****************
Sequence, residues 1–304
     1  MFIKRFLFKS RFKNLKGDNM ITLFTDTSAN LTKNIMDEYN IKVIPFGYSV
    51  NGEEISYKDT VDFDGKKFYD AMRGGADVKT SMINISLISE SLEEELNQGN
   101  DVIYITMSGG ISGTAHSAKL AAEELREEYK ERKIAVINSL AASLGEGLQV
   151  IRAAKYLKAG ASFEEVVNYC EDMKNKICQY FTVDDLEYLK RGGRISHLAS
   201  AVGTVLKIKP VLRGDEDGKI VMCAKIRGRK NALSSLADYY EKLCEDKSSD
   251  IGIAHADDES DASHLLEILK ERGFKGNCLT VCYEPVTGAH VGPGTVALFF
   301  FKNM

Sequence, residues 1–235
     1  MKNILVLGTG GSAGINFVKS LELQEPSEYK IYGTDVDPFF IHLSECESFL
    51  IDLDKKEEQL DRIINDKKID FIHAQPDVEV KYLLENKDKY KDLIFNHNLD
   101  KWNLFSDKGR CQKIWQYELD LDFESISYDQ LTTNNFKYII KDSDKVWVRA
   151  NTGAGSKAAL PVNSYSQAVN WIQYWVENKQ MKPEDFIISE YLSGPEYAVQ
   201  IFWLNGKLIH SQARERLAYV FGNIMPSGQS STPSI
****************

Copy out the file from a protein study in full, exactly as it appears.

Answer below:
Sequence, residues 1–304
     1  MFIKRFLFKS RFKNLKGDNM ITLFTDTSAN LTKNIMDEYN IKVIPFGYSV
    51  NGEEISYKDT VDFDGKKFYD AMRGGADVKT SMINISLISE SLEEELNQGN
   101  DVIYITMSGG ISGTAHSAKL AAEELREEYK ERKIAVINSL AASLGEGLQV
   151  IRAAKYLKAG ASFEEVVNYC EDMKNKICQY FTVDDLEYLK RGGRISHLAS
   201  AVGTVLKIKP VLRGDEDGKI VMCAKIRGRK NALSSLADYY EKLCEDKSSD
   251  IGIAHADDES DASHLLEILK ERGFKGNCLT VCYEPVTGAH VGPGTVALFF
   301  FKNM

Sequence, residues 1–235
     1  MKNILVLGTG GSAGINFVKS LELQEPSEYK IYGTDVDPFF IHLSECESFL
    51  IDLDKKEEQL DRIINDKKID FIHAQPDVEV KYLLENKDKY KDLIFNHNLD
   101  KWNLFSDKGR CQKIWQYELD LDFESISYDQ LTTNNFKYII KDSDKVWVRA
   151  NTGAGSKAAL PVNSYSQAVN WIQYWVENKQ MKPEDFIISE YLSGPEYAVQ
   201  IFWLNGKLIH SQARERLAYV FGNIMPSGQS STPSI